Born in Malacca and raised in Kota Kinabalu, Michelle Lee is a full-time musician—when she is not working on her own music, she actually composes music for films and commercials. Better known by the moniker Froya, she had her first breakthrough as a singer in 2012 with the catchy single Fries in Cream. She has since garnered a large following for her whimsical and genre-defying sounds.

 

Having performed at the last Good Vibes in 2014, Froya will return to charm festival-goers with her unique brand of music this Saturday at The Ranch @ Gohtong Jaya, Genting Highlands alongside Disclosure and Angus & Julia Stone. Get to know her a little better here before you head up for two days of good fun and music:

Why the name Froya?

"I initially wanted something like "Fuschia" but it was taken by another musician so I went on to pick some random letters, jumbled them around and formed "Froya". It was by sheer luck that I later discovered that "Froya" is the Norse Goddes of beauty and love!"

 

What is your earliest memory of music?

"This might sound pretty cliche but I remember seeing one of my friends playing a Richard Clayderman piece on the piano and I was instantly hooked. Not only because she played it so well, but also because I was fascinated by the idea of playing and creating any tune you want on a single piece of instrument. "

 

Do you remember the first song you ever wrote?

"The very first song that I wrote was a song for my grandma after her funeral. I can't remember what the lyrics were, but I've never played this song for anyone ever, not even my parents. It was something I chose to keep to myself because I didn't want things to end up in a cry fest."

 

Your music seems to flit in between genres—how would you describe your sound?

"I try not to pigeonhole myself into any kind of genre or specific sound because I think I should keep on expanding and discovering the possibilities of the unknown. Nothing is more dreadful than knowing that there is a limit to your art. I'd rather keep the boundaries open and that uncertainty will always bring surprises. "

 

What was the inspiration behind your debut album 'Panic Bird'?

"'Panic bird' is an album recording my growth, challenges, uncertainty, desire , hopelessness and the like. The inspiration came from everything I experienced, saw or battled in my heart over the past 5-6 years in the process of writing this album."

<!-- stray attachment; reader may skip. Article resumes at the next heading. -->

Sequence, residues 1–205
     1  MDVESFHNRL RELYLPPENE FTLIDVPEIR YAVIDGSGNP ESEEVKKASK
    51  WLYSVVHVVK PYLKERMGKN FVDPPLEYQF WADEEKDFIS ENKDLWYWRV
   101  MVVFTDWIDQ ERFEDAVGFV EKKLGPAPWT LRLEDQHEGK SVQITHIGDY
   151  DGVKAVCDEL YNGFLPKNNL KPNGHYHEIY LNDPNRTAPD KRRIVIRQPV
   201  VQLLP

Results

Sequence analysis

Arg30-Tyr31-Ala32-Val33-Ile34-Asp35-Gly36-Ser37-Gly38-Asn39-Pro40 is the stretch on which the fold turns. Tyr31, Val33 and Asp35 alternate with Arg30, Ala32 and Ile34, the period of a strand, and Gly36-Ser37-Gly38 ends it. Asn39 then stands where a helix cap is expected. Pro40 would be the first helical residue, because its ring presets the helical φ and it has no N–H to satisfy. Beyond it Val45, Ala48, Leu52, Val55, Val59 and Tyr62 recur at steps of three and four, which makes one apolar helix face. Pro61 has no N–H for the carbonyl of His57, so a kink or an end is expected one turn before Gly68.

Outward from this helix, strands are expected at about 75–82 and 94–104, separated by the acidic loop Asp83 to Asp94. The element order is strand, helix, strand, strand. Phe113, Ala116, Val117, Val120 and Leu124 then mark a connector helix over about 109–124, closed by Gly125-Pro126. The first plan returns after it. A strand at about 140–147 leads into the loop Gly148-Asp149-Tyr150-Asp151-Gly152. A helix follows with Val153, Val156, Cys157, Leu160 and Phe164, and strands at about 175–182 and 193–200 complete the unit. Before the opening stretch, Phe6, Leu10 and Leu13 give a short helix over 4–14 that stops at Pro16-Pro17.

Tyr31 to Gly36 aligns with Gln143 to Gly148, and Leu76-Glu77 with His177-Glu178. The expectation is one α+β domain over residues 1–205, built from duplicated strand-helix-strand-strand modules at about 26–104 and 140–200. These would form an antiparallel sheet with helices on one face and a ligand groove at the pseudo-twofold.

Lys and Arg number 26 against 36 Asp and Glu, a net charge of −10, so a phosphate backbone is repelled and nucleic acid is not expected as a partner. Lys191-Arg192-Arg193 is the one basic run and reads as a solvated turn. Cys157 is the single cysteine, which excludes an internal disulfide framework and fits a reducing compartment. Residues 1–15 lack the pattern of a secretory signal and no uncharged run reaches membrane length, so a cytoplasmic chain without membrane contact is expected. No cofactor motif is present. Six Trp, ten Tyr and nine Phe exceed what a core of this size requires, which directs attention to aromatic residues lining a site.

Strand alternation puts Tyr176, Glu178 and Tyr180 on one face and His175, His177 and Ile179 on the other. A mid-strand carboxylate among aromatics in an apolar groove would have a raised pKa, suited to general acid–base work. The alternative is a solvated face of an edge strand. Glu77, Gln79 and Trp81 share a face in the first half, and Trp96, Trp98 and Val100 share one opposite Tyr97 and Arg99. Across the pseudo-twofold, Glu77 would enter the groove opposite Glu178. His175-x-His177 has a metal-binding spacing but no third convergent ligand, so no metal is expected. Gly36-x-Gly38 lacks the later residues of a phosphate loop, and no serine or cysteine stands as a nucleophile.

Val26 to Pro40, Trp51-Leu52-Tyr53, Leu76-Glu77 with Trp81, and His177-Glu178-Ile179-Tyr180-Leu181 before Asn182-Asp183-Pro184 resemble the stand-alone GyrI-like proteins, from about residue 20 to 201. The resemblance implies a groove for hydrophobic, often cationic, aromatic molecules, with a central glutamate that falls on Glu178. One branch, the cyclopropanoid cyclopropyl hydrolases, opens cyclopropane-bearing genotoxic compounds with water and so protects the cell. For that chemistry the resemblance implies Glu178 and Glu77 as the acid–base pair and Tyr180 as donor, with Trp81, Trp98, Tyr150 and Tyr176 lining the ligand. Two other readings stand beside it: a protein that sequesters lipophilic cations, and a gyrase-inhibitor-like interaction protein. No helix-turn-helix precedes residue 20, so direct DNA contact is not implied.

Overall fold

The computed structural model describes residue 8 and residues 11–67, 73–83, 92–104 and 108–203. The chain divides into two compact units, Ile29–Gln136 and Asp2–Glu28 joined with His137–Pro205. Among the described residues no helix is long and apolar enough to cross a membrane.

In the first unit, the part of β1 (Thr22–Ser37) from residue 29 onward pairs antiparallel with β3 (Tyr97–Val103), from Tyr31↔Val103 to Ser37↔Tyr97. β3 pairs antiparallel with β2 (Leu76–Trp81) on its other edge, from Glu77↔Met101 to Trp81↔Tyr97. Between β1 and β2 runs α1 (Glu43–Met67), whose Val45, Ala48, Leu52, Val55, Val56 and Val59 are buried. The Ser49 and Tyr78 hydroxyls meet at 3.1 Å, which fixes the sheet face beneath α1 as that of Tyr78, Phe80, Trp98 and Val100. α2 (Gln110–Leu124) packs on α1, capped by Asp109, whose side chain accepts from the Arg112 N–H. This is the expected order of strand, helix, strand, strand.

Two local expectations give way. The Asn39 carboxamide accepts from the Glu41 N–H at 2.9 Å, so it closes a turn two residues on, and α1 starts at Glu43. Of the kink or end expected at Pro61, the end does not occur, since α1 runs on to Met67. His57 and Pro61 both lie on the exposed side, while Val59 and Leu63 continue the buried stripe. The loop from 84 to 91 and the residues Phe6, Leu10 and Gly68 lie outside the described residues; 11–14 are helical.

Tell us a little about your single for this year, Rosie

"Rosie is (you guessed it!) a song inspired by my dog, Rosie. The entire song was spawned by her snoring and her desire to play outside/get in touch with nature. I take her to work with me every day (she stays in a large drawer there) and ever so often, she will make some pretty unique sounds that I just can't help but record. Later on, I thought, why not turn these little sounds into a song? "

 

Is there a second album in the making?

"I'm definitely working on some new songs at the moment but I'm not sure if it will be an album or EP yet, so stay tuned!"


Who are your musical influences?

"I would like to say Emiliana Torrini in terms of songwriting. I fell for her Nordic style of singing and paraphrasing. In my opinion, she's the most unique singer-songwriter that has ever existed. Another female artist that will always have a special place in my heart would be Imogen Heap! Imogen crafted her own sound and constantly challenges herself to be more innovative in her music. That kind of drive has gotten me really inspired to find my own sound and path along the way."


What do you do when you encounter a creative block?

"Sit back, relax, take a walk, eat something... Unless I'm on a tight timeline. It's not the end of the world cause we are only human. And procrastination can be a good thing sometimes, because even if you're not working on something, you're thinking with an open mind."

 

Is there another instrument you'd love to pick up?

"Drums! Sometimes it's hard to describe the groove that I want to my drummer. I  have always had to sing gibberish to simulate the groove in my head, only to get them looking at me like an alien. So yeah, it would be quite useful to pick up drums so that I could communicate better in the band."

 

If you were not in the music industry, you would be...

"In the culinary world."


This won't be your first time at Good Vibes. What is the best thing about being part of a festival like this?

"Certainly the amazing opportunity to showcase music to the right crowd. It's one of the best platforms you could ever have, as an indie musician performing in a big music festival like this. Apart from that, it's also incredibly exciting to watch all the other local and international acts giving their best performance for the festival."


And lastly, what are you most looking forward to at this year's Good Vibes?

"Clear sky, chill weather, great music, incident free, successful show from and for everyone."

 

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